National News

Emily Harris is NPR's international correspondent based in Jerusalem.

Ask Me Anything: Correspondent Emily Harris Discusses Gaza

For the past month, NPR's Emily Harris has covered the intense Israeli-Palestinian fighting from the Gaza Strip.

Visitors look at a memorial at Amsterdam's Schiphol Airport on Monday.

Dutch Call Off Search For Additional Remains In Ukraine

Dutch Prime Minister Mark Rutte has called off the search for additional remains at the site of the downed airliner in Ukraine.

At a news conference in The Hague on Wednesday, Rutte said the search has become too dangerous.

As we reported yesterday, Russia has stationed more than 30,000 troops near its border with Ukraine for military exercises.

Following Western Sanctions, Russia Orders Ban On Some Imports

Russian President Vladimir Putin has ordered a ban on some food and agricultural imports from countries that have imposed sanctions on Russia.

In a statement, the Kremlin said the measures were intended to "protect Russia's security."

What is not clear is which food and agricultural imports will be banned. Instead, Putin asked his government to come up with a list of "products, raw materials and food" to include on the list in a way that prevents "the rapid growth of prices."

A woman using a cell phone walks past T-Mobile and Sprint stores in New York.

Sprint Names New CEO, As T-Mobile Bid Is Said To Crumble

Just as reports surfaced that Sprint, and its corporate parent SoftBank, were ending their bid to merge with T-Mobile, the company announced it was appointing a new CEO.

Sprint Chairman Masayoshi Son said Marcelo Claure, who runs Brightstar, a wireless company and subsidiary of SoftBank, would replace Dan Hesse, who has been Sprint's president and CEO since 2007.

In the announcement, Son made a passing reference to Sprint's decision to forgo the T-Mobile merger.

Vonte Skinner had his attempted murder case considered by New Jersey's Supreme Court, which ruled that lyrics he wrote years before the crime he was charged with were not admissible in the trial.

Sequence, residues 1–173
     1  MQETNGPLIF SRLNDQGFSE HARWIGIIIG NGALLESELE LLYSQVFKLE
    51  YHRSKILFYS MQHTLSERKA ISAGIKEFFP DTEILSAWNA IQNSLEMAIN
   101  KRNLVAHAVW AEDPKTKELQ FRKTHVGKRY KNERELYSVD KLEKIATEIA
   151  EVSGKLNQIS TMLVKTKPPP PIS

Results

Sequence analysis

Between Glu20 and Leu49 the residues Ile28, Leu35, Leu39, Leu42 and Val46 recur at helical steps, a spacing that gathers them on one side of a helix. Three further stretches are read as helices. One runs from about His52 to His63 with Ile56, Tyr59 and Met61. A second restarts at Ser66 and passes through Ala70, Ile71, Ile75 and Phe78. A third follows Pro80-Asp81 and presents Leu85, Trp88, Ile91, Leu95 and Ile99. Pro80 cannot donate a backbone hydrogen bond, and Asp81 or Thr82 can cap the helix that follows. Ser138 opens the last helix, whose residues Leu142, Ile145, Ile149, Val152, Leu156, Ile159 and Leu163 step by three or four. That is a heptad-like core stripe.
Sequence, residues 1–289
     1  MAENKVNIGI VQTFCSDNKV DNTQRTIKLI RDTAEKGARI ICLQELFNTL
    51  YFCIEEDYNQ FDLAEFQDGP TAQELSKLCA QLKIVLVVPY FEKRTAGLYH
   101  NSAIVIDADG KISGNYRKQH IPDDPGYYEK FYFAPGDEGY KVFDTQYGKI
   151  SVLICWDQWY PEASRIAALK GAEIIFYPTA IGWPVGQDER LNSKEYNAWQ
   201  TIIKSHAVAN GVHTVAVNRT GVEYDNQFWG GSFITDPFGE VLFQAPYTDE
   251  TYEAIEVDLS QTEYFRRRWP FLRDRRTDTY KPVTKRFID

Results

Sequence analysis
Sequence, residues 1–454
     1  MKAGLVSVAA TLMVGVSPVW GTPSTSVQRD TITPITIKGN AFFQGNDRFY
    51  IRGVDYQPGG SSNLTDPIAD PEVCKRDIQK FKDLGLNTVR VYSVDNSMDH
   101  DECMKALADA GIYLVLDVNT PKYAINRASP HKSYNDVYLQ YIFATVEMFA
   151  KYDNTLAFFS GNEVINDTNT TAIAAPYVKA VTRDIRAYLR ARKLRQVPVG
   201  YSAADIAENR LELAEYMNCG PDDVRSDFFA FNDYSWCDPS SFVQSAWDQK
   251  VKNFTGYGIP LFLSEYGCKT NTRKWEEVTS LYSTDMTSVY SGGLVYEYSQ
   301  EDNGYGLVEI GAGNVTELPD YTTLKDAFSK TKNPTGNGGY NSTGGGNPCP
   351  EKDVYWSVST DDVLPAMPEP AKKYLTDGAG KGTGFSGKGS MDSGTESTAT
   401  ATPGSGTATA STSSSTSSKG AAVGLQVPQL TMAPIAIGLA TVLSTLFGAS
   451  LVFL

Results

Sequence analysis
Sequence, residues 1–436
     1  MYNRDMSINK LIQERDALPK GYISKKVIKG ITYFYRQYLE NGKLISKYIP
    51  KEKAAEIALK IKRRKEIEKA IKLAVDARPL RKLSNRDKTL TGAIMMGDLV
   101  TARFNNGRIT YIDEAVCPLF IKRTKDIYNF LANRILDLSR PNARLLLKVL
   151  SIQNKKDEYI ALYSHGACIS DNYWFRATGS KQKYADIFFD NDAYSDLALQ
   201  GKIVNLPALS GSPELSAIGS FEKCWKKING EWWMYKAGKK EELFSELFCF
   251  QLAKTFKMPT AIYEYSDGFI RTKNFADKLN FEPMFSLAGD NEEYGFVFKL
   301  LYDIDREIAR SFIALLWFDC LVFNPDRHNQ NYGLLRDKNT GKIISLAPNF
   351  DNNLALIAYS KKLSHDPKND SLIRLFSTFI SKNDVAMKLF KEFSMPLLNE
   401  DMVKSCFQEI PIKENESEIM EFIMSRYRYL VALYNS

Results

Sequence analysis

A State Court Says Rap Lyrics Can't Be Used As Evidence In A Criminal Trial

Just a few days ago, Code Switch wrote about the use violent hip-hop lyrics as evidence in criminal cases, a practice that some critics say violates defendants' First Amendment rights and plays up jurors' misunderstandings of the use of hyperbole in hip-hop.

From a "Think Again Turn Away" <a href="https://twitter.com/ThinkAgain_DOS/status/483638966705737728/photo/1" target="_blank">Twitter post</a>.

Hearts, Minds, Tweets: Battling Terrorism Online

Can the U.S. government use social media to combat anti-social behavior? Can America win the online battle for the hearts and minds of potential terrorists?

Medicare gives drugs for HIV/AIDS special status, which may make it easier to game the system.

Suspicious Use Of AIDS Drugs Costs Medicare $30 Million

Medicare spent more than $30 million in 2012 on questionable HIV medication costs, the inspector general of the U.S. Department of Health and Human Services said in an investigation published Wednesday.

The possible fraud schemes were all paid for by Medicare's prescription drug program known as Part D. Among the most egregious:

Hurricanes Iselle and Julio approach Hawaii on Wednesday.

Hawaii, Which Almost Never Has Hurricanes, Is Getting Ready For 2

Hawaii is preparing for two major storms this week, beginning with Hurricane Iselle, which is expected to weaken to a tropical storm by the time it arrives on Thursday. Hurricane Julio is expected to hit Saturday, again after weakening into a tropical storm.

Hawaii Public Radio's Bill Dorman tells our Newscast unit that residents and tourists are getting ready for the heavy rains, rough seas and 60 mph winds expected from the storms:

A Palestinian child goes through toys Wednesday at a vendor's stall in a market in Gaza City.

Gaza Conflict: Cease-Fire Holds As Kerry Calls For Fresh Peace Talks

After nearly a month of brutal war, Gaza was calm for a second day on Wednesday.

And as that negotiated, three-day peace took hold, diplomacy stepped front and center.

In an interview with the BBC, U.S. Secretary of State John Kerry said both sides should take advantage of this moment to forge a longer-lasting peace.

Kerry said the U.S. supports Palestinians' desire to rebuild and open up borders, but that will happen only under a "bigger, broader approach to the underlying solution of two states."

An Afghan laborer walks past a gate of Camp Qargha as Afghanistan National Army soldiers stand guard, west of Kabul, Afghanistan on Tuesday.

Afghan Policeman Turns Gun On Colleagues, Killing 7

A day after a man dressed in an Afghan military uniform opened fire at service members from the NATO-led coalition, another insider attack is making news.

The Associated Press reports:

"An Afghan policeman turned his gun on his colleagues at a police checkpoint in the country's south, killing seven policemen, a provincial official said Wednesday.

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